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I'm using the Rmpi (v. 0.6-2) package to parallelize my R (v. 2.15) code. I have the following peace of code:


While the slaves are executing slaveFunction04 I would expect the master process to be idle, consuming very little resources, as it happens when you use MPI with C or Fortran. But instead, the master is consuming a 100% of CPU, just like the slaves (each process is running in its own core).

Any idea why this happens and how can I solve it?

For MPI I'm using OpenMPI v. 1.6-3.1.2 on OpenSuse 12.3.

Thanks in advance.

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This isn't unusual, and in fact is pretty much what I'd expect to see in C or Fortran as well with a master-slave decomposition.

MPI is designed for high-performance parallel computing, where typically if a task is blocked waiting for a message there's no more important thing to do than to get that message as fast as possible, so the implementation "busy waits", repeatedly polling to see if the message has arrived, tying up the CPU. That chews up CPU time, but by hypothesis there's nothing else to do and it shaves microseconds off of the latency when the message does arrive. That mode of operation is generally the default in most MPI implementations; it's called "aggressive" mode in OpenMPI and is described here.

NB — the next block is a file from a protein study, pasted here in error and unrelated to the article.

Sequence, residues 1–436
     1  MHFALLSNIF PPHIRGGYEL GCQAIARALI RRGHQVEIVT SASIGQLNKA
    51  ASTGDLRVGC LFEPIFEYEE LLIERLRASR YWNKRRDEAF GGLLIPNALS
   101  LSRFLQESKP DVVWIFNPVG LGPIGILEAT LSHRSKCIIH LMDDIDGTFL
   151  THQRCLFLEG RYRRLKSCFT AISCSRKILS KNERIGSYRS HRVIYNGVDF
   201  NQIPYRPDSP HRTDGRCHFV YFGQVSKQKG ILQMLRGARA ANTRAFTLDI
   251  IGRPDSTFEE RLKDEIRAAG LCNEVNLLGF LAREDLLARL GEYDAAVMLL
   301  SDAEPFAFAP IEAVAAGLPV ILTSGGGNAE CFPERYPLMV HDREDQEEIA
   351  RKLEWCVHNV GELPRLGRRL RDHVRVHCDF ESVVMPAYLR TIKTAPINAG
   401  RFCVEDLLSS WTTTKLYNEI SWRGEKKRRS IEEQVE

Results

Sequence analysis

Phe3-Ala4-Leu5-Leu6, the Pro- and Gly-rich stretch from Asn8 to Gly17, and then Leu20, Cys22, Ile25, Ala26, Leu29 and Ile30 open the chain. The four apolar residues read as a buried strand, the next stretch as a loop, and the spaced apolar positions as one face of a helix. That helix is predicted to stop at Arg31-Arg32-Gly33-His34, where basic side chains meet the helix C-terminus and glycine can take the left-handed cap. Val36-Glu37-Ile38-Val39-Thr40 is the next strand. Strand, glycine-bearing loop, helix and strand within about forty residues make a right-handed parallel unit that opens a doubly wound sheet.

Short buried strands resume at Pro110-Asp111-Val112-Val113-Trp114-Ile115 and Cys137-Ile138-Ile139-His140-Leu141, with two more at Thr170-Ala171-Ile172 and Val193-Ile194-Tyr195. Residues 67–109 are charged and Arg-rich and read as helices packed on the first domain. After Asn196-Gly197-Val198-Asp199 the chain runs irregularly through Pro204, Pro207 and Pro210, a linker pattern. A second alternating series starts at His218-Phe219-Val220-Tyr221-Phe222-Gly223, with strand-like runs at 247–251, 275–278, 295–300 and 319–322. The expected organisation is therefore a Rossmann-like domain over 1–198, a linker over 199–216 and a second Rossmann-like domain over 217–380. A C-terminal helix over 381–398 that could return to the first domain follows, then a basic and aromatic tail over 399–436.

That's a very sensible default behaviour for many problems, but isn't always what you want, so there are ways of turning it off. If this is the cause of what you're seeing, you should be able to somewhat reduce the CPU load on the master by setting the environment variable OMPI_MCA_mpi_yield_when_idle to 1 (or non-zero) to get out of aggressive mode.

share|improve this answer
That makes sense, but simply setting OMPI_MCA_mpi_yield_when_idle to 1 is not working, it doesn't even make a difference... – dx_mrt Mar 18 '13 at 13:06

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